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Joe Banks , June 25th, 2014 12:44

"A black hole in the noise": Joe Banks reports from Electrowerkz in London for Chrome's first show there in 25 years. Photo by Grimm S Brinkmann

Walking into Electrowerkz is like stepping back in time to an era of scuzzy chic, when basing your club on the set of Alien (though it's actually closer to Red Dwarf) was a totally radical concept. There's black paint peeling off the low ceilings, the walls are exuding a background fug of hash, patchouli oil and BO, and the sound manages to be both harsh and muddy.

Which of course makes it the perfect venue for Chrome to be playing their first London gig in 25 years. Here's a band whose genuinely unique brand of sci-fi garage rock has been on the periphery of every happening scene since their inception in 1975 without them ever being assimilated or neatly classified. They seem to exist in a musical twilight zone, their deconstructed metal kosmische mostly unacknowledged by the alternative orthodoxy yet somehow wildly influential on the collective unconsciousness of post-punk, industrial, neo-psych, out-rock, you name it.

That all might sound a bit wearing, but Chrome live are a blast. With his panama hat, beach shirt and tache, singer and guitarist Helios Creed might look like he's just walked out of The Big Lebowski, but he's still holding true to the vision that he forged with (the sadly departed) Damon Edge during their classic late 70s-early 80s period. It's the sound of information overload, both trashy and robotic at the same time – if you were to reduce it down, we're talking the Stooges jamming with Hawkwind and Malcolm Mooney's Can, but Chrome are absolutely their own thing. Creed's dense, compressed guitar sound mimics the squalling innards of the data networks crushing the breath out of the world, while the muffled clatter of Aleph Omega's drums is relentless, a dubby electronic snare occasionally cutting through the sonic haze. (Special mention too for second guitarist Lou Minatti, who manages to look both puppyish and cool in trapper hat, leather jacket and aviator shades)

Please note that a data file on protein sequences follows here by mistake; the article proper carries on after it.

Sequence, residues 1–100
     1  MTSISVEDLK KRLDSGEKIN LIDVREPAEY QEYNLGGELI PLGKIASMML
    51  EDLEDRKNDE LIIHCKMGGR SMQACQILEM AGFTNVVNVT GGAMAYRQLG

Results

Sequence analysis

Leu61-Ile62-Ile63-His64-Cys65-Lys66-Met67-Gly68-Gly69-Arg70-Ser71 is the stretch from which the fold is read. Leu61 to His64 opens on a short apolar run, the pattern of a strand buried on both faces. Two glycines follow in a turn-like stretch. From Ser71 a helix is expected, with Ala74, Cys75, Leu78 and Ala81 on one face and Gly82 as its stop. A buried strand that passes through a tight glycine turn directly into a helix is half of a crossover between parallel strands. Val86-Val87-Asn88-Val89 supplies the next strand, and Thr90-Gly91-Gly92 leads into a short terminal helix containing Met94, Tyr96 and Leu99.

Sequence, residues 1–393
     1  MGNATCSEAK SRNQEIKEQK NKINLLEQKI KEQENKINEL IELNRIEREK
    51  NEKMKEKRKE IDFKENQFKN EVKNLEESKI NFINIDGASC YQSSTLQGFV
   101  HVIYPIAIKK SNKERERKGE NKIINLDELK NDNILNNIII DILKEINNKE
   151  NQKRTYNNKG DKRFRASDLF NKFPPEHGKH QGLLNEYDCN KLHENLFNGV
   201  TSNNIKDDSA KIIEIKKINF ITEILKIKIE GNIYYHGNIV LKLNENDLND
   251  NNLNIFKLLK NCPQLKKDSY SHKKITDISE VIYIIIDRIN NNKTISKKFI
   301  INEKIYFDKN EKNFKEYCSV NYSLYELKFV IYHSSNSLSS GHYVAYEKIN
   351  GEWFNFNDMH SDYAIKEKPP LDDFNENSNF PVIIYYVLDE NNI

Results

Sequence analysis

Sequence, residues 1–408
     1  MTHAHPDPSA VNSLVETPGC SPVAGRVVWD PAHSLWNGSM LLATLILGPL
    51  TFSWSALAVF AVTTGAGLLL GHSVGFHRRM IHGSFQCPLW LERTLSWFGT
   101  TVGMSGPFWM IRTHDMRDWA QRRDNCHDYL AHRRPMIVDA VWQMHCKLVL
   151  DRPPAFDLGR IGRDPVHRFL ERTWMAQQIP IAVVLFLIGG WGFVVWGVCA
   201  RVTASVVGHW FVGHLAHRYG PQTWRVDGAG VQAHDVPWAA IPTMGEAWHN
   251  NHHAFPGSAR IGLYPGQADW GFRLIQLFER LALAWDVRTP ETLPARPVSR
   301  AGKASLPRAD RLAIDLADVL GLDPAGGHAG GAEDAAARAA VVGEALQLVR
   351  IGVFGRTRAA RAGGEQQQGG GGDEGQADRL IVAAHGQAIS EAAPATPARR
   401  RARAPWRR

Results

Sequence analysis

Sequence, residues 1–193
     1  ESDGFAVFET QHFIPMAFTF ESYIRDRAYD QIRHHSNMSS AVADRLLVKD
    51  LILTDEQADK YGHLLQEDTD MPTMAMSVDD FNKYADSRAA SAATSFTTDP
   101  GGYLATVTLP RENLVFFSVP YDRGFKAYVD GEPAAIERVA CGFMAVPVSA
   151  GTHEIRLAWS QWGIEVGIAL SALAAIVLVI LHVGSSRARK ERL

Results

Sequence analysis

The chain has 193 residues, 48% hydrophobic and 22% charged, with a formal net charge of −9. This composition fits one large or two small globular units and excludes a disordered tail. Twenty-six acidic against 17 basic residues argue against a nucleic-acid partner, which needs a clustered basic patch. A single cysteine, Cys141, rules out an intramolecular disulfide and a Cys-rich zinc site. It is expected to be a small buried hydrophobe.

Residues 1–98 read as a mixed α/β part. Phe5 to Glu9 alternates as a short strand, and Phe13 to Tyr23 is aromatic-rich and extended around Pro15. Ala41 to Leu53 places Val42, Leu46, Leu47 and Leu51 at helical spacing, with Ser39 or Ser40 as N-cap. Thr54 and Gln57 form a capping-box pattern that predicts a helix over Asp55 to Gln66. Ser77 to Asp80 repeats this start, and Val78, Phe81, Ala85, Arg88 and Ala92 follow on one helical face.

Save for a few lights flashing on and off (and Creed throwing some guitar hero shapes), there's not much by way of visual accompaniment to Chrome's apocalyptic rock & roll, but a pleasing sense of chaos pervades the venue nonetheless. There's shouts from the crowd of "turn it up!", while keyboardist Tommy Grenas calls out in panic for a set list before the second song. 'TV As Eyes', 'Zombie Warfare', 'March Of The Chrome Police' and 'Chromosome Damage' all get an airing along with the heavy trance rock of new single 'Prophecy'. It's also great to hear 'Something Rhythmic (I Can't Wait)' – with its catchy chorus of, ahem, "I need you tied to my bedposts" – from the excellent "lost tracks" album Half Machine From The Sun released last year. As Creed explains from the stage, it was one of a number of songs that Chrome considered "too commercial" to release at the time.

For me, the biggest thrill is hearing tracks from the final album that Creed and Edge made together, the gothic space rock of 3rd From The Sun. The title track crackles with malevolent energy, while 'Armageddon' has a planet-quaking riff and a mid-section that suddenly opens up like a black hole in the noise. They close the main set with 'Firebomb', the threatening cyberfunk groove of its bassline heralding an extended excursion into the void.

Chrome have had a pretty chequered history since their original split in 1983, so it's great that we now have an operational version of the band that's building on the legacy of those early albums, a band that is capable of slipping it to the android once again.